The Courier Mail reported on a man’s trial for strangulation, assault and wilful damage.
The trial is still ongoing. The man on trial pleaded not guilty and has the right to the presumption of innocence – please keep this in mind if you’re commenting on this post.
Apart from the headline, the article itself, while distressing, is actually a good example of a very difficult form of journalism.
Court reporters can only report on evidence presented to the jury. They cannot give any opinions or make any judgements about the evidence presented to the court and they must not publish anything that could imply guilt or innocence. Their role is only to summarise evidence given and statements made to the court.
If the report is (as this appears to be) on a day where a witness is being cross examined by the defence, the job of the court reporter is simply to report the testimony given that day.
This can make for distressing reading. Questions by defence lawyers can run contrary to everything we are told about how we should respond to allegations of domestic abuse. The justification for this is certainly a topic for discussion in another article, but it cannot be part of a court report on an ongoing trial. Doing so could run the risk of causing a mistrial – a terrible outcome for everyone involved.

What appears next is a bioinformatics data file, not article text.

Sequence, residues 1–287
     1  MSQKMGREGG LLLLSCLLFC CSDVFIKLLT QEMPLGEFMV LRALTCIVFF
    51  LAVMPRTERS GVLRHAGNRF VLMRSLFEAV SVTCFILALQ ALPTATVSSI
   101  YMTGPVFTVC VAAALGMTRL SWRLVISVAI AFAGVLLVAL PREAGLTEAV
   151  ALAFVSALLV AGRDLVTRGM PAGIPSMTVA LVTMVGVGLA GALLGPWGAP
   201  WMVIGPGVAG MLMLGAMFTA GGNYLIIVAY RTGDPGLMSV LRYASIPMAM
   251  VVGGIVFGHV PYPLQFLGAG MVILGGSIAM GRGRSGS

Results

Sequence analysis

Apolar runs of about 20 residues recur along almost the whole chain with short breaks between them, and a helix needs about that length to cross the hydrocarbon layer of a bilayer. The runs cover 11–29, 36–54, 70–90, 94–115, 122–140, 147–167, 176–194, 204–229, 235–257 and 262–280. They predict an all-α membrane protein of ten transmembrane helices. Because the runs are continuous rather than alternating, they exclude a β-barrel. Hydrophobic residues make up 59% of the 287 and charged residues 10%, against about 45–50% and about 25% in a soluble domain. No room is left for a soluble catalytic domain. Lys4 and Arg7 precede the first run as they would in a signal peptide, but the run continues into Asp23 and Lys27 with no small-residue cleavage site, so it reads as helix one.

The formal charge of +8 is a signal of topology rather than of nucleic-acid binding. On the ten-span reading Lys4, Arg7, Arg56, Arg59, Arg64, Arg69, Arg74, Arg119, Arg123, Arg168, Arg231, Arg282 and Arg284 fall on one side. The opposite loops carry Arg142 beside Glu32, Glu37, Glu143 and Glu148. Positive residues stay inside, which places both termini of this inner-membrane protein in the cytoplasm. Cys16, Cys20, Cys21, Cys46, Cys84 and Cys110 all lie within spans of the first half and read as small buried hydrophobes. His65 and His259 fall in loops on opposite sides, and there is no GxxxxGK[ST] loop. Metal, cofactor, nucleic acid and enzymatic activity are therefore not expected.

This, however, does not mean headlines about a trial should only include claims by the defence, as happens far too often on court reports. It does not mean that a trial of serious charges should be minimised to nothing but text messages and emojis. The seriousness of these charges means everyone involved deserves better than this.
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